Donald Trump was effusive as he praised the state that gave him his first win - and made it a big one.
"I have so many friends up here, and they are special special people. New Hampshire remember you started it. You start it."
Trump’s top local backers were quick to seize on his 19-point victory as proof he’s remaking the Republican party.
“There is a revolution going on.”
That’s Trump New Hampshire co-chairman Steve Stepanek.
“Donald Trump is attracting Democrats, Republicans, Independents, young people, old people, women, men, right across the board.”
The precise make-up of Trump’s winning coalition is unknowable, but the sweep of his win was vast. Trump won big in suburban Salem, blue-collar Claremont, and liberal Keene.
The victory also put to rest a number of lingering questions. Would the Trump’s supporters who’ve packed his rallies show up to vote? Could Trump win over while rejecting retail-style politics that typify presidential campaigns here?And would Trump have the last laugh after thumbing his nose at the Republican establishment? Yes , yes and yes, apparently.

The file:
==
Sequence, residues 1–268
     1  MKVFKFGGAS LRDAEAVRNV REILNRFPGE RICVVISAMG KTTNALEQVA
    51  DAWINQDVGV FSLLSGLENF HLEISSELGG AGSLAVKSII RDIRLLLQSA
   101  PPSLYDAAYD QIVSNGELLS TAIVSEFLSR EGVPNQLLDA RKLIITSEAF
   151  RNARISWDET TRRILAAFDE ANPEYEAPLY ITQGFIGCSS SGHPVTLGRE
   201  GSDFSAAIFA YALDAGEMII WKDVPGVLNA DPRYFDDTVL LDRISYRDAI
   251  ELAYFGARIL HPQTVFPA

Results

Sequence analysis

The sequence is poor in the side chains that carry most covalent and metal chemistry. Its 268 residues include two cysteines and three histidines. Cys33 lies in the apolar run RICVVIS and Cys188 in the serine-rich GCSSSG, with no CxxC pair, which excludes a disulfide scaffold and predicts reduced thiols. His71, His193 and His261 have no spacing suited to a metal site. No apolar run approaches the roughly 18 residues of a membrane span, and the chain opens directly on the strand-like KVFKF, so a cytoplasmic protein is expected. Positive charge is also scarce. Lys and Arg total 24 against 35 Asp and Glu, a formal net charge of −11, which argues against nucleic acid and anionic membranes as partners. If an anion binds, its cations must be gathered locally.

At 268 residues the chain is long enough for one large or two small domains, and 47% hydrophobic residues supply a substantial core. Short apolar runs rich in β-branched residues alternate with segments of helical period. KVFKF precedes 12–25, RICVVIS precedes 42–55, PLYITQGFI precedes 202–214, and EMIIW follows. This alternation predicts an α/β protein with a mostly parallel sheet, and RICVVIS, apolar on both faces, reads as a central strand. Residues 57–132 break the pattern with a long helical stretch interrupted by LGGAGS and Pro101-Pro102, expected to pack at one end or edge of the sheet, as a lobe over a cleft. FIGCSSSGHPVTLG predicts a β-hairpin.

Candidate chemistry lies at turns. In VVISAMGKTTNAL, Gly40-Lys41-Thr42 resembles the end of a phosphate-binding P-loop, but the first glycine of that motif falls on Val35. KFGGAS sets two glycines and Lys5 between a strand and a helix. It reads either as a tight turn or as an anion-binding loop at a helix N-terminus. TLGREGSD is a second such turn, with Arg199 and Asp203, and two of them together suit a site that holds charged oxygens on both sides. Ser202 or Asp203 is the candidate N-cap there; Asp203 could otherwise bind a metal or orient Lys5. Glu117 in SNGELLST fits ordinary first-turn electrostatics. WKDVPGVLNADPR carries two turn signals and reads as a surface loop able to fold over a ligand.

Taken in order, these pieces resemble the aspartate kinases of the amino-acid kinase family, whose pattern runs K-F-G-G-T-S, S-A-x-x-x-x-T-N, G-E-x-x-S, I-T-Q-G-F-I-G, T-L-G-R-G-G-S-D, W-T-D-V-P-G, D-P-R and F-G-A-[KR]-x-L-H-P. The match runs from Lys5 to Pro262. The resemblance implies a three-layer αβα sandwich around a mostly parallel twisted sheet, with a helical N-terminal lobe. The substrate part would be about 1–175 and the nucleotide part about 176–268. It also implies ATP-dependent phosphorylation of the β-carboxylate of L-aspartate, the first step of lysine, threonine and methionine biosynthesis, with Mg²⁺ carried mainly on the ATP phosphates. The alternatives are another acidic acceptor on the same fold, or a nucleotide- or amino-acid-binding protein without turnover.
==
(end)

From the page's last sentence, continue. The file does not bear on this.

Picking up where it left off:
Joe Kelly Levasseur is a Manchester Alderman.
“There’s not one major political guy here. Did you notice that? Weird? Huh. That tells you something right there, man."
“I’m new to politics, I’ve never done this before.”
The Sandy Homansees of the world - he’s a campaign volunteer who’s worked every event Trump’s had here – they were everywhere.
"I like the idea of Donald Trump because he’s a businessman. I know you are recording this but take the f--king politics out of it. I want to cry, I want to share my heart with you and tell you this is a good thing..."
It was certainly a good win, even if Trump benefited from a large field that split the establishment vote. As Trump set his sights beyond New Hampshire, he assured supporters there will be more wins to come.
"And we are going to win so much, you are going to be so happy. We are going to make America so great, maybe greater than ever before. Thank you thank you."
Trump’s next chance for a win comes in ten days when voters head to the polls in South Carolina.